Are you willing to shell out money for the really key date coins with MS-65 or PF-65 grades or above(not that there are many of these out there)? Or are you content with highly graded coins from a common date? Do you want to collect the entire set (which can leave a nice hole in your pocket!) or as short sets? Collecting short sets is an achievable goal in the case of Morgan Dollars.
Let’s look at each Mint, and the value for each key date, to help you in collecting Morgan Silver dollars.
Philadelphia Mint Morgan dollars
The Philadelphia Mint Morgan dollars were struck from 1878 to 1904 and again in 1921. These coins have no mint mark. The key date of Philadelphia mint is the 1895 issue. Of the 12,000 business strikes made none exist today as they were melted according to the Pittman Act. 880 Proof coins were also struck, out of which around 500 to 600 are known to exist and these sell at a premium (above $100,000). The other key dates are 1894 and 1901.
Carson City Mint Morgan dollars
With the Silver coming from the Comstock Lode, the Carson City Mint minted Morgan dollars from 1878 to 1893, skipping three years in between (1886, 1887, and 1888). It's no wonder that the 1889-CC coins are sold now for a premium as after three years of closure, the mint struck only 350,000 coins in the second half of the year. 1889-CC Morgan Silver Dollars with grades higher than MS-65 are said to be valued $325,000 and more. The 1879-CC and 1893-CC are also considered key date issues.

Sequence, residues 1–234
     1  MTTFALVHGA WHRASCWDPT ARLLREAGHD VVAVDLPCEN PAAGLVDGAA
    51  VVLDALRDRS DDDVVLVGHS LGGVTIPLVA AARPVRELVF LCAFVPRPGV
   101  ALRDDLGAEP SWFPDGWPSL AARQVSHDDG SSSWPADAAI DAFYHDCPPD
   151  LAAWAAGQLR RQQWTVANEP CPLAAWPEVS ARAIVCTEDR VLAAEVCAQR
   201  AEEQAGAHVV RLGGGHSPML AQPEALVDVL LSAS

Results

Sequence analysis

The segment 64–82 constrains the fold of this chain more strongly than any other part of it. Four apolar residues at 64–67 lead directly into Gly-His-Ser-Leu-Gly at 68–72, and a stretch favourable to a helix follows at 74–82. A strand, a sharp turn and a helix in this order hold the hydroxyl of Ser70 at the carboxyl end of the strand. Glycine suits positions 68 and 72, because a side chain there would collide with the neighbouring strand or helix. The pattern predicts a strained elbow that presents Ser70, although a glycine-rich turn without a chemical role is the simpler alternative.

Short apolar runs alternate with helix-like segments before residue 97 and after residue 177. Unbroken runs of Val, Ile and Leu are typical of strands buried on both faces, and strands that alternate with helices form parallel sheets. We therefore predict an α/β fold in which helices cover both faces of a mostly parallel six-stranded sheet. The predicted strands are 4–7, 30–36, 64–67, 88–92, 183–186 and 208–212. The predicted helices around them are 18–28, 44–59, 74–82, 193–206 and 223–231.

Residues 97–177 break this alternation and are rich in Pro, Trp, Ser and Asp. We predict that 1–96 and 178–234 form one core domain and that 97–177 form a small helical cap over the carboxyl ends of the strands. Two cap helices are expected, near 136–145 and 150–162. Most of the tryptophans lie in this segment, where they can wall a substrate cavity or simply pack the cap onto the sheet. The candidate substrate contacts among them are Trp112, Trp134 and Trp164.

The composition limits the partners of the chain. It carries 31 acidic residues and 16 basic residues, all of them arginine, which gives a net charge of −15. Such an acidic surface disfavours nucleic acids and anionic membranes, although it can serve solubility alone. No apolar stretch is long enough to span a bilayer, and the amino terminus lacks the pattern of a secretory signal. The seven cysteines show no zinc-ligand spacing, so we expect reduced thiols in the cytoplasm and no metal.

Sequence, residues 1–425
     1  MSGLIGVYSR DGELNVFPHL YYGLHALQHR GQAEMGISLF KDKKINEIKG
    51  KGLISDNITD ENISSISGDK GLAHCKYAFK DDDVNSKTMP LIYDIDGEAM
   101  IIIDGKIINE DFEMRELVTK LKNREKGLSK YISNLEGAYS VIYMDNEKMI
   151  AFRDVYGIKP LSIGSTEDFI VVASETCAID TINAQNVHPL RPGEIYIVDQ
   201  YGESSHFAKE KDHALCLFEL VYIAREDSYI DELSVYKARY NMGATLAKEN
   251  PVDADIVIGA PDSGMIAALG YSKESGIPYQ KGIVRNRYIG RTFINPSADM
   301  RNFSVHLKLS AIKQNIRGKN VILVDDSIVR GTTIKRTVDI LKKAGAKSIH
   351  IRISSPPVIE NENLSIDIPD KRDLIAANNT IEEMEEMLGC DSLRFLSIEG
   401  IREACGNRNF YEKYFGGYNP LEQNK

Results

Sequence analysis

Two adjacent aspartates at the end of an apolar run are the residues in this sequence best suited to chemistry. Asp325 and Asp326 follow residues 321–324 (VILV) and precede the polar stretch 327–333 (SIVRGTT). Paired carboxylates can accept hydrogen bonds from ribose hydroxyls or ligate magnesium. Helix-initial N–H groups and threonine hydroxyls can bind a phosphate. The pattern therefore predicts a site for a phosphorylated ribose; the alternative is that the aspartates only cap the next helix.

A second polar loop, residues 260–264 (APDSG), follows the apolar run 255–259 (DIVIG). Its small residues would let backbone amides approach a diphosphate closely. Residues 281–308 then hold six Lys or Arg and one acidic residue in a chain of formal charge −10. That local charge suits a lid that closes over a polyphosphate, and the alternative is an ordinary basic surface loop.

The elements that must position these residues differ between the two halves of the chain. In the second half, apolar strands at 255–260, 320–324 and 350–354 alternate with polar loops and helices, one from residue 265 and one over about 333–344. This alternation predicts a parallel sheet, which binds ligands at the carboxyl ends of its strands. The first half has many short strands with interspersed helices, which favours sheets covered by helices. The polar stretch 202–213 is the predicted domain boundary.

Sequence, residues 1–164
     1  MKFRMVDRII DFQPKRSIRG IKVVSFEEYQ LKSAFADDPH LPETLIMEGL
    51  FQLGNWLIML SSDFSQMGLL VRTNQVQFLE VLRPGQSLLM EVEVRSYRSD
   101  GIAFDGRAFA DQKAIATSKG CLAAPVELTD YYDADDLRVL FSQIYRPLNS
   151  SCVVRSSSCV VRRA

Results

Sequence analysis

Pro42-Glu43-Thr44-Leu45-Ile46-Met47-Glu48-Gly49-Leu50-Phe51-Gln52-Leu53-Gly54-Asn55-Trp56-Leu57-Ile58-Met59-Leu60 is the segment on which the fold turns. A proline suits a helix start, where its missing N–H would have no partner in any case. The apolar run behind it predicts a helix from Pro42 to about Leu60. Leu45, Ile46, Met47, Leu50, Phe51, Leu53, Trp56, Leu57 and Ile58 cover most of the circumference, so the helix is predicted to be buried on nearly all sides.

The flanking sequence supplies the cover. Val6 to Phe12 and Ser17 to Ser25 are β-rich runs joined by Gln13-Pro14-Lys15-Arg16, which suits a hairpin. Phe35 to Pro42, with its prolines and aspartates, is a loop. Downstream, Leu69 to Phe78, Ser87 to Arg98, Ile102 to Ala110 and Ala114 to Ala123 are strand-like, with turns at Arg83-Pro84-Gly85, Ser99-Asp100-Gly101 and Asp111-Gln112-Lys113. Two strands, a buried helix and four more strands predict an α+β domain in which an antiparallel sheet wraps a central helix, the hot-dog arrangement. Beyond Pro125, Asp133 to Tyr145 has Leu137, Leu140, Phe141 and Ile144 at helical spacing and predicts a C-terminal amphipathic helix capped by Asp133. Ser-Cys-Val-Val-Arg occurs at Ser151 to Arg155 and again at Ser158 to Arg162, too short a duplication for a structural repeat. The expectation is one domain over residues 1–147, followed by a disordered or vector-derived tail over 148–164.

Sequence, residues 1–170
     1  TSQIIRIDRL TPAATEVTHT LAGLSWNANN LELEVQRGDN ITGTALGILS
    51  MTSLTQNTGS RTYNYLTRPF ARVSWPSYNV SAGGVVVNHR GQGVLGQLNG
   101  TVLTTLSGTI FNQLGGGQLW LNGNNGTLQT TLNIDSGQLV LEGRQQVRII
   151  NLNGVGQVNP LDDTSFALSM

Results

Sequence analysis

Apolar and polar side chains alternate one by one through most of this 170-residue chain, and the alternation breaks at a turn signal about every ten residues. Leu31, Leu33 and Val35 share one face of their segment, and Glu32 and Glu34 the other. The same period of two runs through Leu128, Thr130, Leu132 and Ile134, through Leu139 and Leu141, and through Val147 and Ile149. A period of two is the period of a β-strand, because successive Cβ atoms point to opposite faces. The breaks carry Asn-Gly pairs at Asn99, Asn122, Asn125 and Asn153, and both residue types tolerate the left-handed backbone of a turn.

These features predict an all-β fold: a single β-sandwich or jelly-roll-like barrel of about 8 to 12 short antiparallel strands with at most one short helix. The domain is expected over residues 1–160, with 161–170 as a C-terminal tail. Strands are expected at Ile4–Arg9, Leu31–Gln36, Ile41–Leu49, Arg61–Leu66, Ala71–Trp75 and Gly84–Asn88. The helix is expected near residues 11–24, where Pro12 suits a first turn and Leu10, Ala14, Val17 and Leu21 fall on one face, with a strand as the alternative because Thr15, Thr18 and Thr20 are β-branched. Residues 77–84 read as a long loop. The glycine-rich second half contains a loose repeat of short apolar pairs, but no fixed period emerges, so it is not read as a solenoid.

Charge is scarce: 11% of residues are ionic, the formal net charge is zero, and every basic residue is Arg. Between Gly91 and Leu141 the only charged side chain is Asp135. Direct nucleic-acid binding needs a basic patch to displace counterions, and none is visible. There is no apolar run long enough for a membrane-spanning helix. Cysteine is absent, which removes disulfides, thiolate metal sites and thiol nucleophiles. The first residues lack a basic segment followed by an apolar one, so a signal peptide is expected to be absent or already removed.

San Francisco Mint Morgan dollars
The San Francisco Mint Morgan dollars were struck from 1878 to 1904 and then again in 1921. Most dates like the 1881-S are quite common and can be quite inexpensive even in Mint state conditions (around $200 for a MS-65). But the 1893-S MS-65+ coins are considered quite rare and is a key date. They sell for $650,000 or more for MS-65 and above. Other key dates are 1883-S, 1884-S, 1892-S, 1895-S, 1896-S, 1903-S and 1904-S.
New Orleans Mint Morgan dollars
The New Orleans Mint Morgan dollars were minted from 1879 to 1904 and again in 1921. Of the rarest Morgan dollar coins from New Orleans, the 1895-O needs a special mention. Not even one coin from the 1895-O was represented during the 1970 GSA release of Morgan Dollars. Most available 1895-O coins have a grade AU-55 or lesser. One of the reasons is that these coins were struck with dies spaced far apart to minimize die breakage. An AU-55 1895-O coin commands more than $2000 and a MS-65 around $225,000. Other key dates are 1886-O, 1888-O, 1893-O, 1894-O and 1896-O.
Denver Mint Morgan dollars
The Denver Mint came quite late in the Morgan Silver Dollar minting race compared to the other mints. The mint was established in 1906 and when the Morgan dollars were minted again in 1921 by the other mints, Denver jumped into the fray. Around 20 million Morgan Silver Dollars were minted in Denver and they are easily available in Mint state conditions and quite inexpensive.
The Morgan Silver Dollars were struck at a time the United States of America was rediscovering itself over the turn of the new century. It witnessed the end of the 'Long depression of 1873-1878', the progressive era that found voting rights for women, social reforms, European mass immigration and modernization. Immersed in all this history, the Morgan Silver Dollars didn't get their due in their time. They have found huge popularity nearly a 100 years later. The Morgan Silver Dollars have finally arrived!